Before the 2008 economic apocalypse, Las Vegas was at its peak. Despite the fact that new mega-resorts opened seemingly once a month, the city's hotel rooms were at capacity nearly every weekend. The city itself was growing at a tremendous rate, as more and more people were flocking to the Nevada dessert for affordable homes, a decent school district, and proximity to one of the most famous tourist attractions on the planet. The scene for the young, hip, and artsy was looking up as well, with new galleries displaying the work of local artists and quirky bars popping up in Downtown.
Then everything caved in in the Fall of 2008. The entire country was (and still is) hurting, but the Las Vegas economy was damaged more severely than most. In a city where the economy is largely based around tourists spending disposable income, when the disposable income of most Americans ran dry, things got ugly. The city had one of the highest foreclosure rates in the country, and many of the normally occupied hotel rooms were empty on usually bustling weekends. Multi-billion dollar construction projects were abandoned, as sites of glorious future resorts became giant dirt pits. Expensive luxury resorts often offer room deals that resemble the prices of The Hooters Hotel and Casino (I'm not hating on The Hooters Hotel and Casino, mind you... I would never disparage a place where you can enjoy poolside Chicken Wings).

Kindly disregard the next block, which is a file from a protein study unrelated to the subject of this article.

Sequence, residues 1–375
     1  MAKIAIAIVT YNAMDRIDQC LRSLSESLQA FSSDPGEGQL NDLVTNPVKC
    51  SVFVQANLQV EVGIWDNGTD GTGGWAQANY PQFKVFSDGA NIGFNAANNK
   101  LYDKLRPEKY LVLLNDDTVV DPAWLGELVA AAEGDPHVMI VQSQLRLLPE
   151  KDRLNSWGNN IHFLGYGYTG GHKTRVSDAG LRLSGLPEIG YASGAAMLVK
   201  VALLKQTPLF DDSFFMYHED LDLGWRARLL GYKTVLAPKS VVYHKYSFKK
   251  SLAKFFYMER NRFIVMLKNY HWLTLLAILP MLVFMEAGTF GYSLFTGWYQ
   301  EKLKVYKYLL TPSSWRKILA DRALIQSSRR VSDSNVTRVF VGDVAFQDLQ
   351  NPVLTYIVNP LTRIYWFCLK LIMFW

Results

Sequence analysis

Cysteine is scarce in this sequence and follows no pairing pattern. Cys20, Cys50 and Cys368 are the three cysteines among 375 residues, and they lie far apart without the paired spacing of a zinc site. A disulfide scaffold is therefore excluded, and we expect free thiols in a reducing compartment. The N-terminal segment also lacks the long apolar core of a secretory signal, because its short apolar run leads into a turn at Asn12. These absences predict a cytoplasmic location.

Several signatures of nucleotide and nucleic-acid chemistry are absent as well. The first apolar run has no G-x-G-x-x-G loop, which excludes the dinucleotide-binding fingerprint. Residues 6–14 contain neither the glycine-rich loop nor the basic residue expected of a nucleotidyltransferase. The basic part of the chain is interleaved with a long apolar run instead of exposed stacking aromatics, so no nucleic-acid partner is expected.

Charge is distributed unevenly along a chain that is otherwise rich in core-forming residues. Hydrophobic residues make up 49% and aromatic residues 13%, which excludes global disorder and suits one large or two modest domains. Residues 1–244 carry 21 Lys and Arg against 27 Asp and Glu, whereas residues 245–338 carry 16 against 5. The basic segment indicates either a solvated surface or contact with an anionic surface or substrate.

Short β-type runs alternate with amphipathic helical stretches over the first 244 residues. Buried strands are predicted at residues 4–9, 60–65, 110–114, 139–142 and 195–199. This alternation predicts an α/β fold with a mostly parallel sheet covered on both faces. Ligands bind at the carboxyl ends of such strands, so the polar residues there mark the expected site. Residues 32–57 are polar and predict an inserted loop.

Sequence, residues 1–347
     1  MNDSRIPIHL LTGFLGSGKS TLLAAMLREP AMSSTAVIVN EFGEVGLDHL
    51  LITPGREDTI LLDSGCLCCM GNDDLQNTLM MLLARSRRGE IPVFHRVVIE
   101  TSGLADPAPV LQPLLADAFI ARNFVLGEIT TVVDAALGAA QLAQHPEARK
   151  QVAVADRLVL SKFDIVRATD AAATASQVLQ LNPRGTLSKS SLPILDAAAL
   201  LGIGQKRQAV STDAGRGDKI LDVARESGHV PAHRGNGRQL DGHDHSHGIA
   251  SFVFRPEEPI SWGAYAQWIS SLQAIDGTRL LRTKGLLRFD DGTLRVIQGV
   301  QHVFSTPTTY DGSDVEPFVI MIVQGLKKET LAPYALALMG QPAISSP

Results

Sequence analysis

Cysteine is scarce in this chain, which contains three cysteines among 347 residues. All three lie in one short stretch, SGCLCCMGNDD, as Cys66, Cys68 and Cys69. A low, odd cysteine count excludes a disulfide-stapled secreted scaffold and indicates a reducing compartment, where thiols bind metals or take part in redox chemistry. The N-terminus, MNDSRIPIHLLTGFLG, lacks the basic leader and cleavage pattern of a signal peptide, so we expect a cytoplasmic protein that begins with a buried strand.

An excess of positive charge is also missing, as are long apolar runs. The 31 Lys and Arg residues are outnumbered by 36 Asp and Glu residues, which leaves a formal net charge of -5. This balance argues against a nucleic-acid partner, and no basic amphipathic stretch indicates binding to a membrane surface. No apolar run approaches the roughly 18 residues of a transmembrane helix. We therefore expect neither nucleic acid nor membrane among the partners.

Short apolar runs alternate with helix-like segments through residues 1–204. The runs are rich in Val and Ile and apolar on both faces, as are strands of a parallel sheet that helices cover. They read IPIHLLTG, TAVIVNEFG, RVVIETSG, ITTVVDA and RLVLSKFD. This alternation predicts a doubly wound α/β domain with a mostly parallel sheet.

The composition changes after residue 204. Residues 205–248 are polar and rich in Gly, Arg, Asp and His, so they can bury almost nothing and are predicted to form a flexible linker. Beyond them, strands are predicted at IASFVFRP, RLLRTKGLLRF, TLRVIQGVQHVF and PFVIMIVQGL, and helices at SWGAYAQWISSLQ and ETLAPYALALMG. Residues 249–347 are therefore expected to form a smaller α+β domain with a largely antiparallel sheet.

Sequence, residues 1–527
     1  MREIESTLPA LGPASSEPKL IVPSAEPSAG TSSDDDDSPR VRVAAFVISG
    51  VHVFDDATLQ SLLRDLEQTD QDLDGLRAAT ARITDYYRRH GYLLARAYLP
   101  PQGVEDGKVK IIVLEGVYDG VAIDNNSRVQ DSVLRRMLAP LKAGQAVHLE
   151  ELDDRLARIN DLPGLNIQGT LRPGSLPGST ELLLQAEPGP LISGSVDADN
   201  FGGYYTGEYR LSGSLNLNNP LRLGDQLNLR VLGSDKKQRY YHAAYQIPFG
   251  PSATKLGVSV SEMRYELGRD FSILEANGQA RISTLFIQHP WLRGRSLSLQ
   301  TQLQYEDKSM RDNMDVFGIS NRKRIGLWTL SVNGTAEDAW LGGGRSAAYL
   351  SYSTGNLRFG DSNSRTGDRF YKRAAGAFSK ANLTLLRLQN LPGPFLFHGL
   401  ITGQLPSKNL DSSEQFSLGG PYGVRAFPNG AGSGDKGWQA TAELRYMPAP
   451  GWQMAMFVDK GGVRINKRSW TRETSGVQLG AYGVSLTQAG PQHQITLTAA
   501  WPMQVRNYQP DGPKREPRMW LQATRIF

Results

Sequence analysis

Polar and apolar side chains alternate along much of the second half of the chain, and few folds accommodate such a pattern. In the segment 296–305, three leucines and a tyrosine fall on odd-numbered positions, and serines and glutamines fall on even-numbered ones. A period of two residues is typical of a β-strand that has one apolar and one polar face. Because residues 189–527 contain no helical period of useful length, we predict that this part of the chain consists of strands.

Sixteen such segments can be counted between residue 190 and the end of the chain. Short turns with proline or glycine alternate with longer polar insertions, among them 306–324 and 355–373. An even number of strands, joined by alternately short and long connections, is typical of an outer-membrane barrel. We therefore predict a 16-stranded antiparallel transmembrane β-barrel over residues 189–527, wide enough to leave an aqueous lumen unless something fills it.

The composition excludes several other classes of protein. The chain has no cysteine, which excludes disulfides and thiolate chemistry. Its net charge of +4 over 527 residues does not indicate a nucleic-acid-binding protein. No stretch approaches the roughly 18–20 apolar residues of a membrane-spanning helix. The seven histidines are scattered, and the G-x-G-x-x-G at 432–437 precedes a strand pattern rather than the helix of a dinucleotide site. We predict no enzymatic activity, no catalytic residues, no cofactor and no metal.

So things have been bleak in Las Vegas, and they've been bleak for almost half a decade. But Sin City, if it's anything, is a town that learns how to adapt to the times. And with that in mind, I will gaze into my i-Crystal Ball and read The Palms of the city (har har) as I deliver my (decidedly non-)expert predictions on the future of Las Vegas.
Vegas Will Become Increasingly Niche-Based
The internet has made fragmented culture beyond repair. There will never again be a show like Seinfeld that everyone in the country gathers around at the water cooler to discuss the morning after it airs (did anybody actually ever gather around water coolers to talk or was that just a term made up by marketers?); there will never be another album as ubiquitous as Thriller (and not just because there will never be a talent as unique as the young Michael Jackson); the concept of monocultue is dead, and there's nothing wrong with that. Individual tastes can be served and satisfied, creating micro-hits like Community, shows that draw minuscule audiences but create incredible loyalty in those small cults of people who tune in every week (with passionate bordering on vitriolic post-mortem internet discussions in which the finer points of every joke and reference are debated and mournful Twitter campaigns are launched in protest to the mere rumor of the show's cancellation).
The savviest Las Vegas marketers are aware of this fracturing of audiences, and more and more resorts are targeting specific audiences. While drawing sportsfans to bet on March Madness games has always been a go to strategy, many resorts are now going after more specific groups, with The Cosmo recently hosting an indie rock festival, while The Palms threw a big MTV Spring Break rager meant to attract Jersey Shore loving bros. While large-scale megahits like Jersey Boys and Cirque Du Soleil's many inceptions line The Strip, smaller shows with more specific audiences are opening all the time, like Mike Tyson's one man show at The MGM Grand and Confessions of a Rock Star at The Riviera (starring the former front man of 80's indie stalwarts The Smithereens).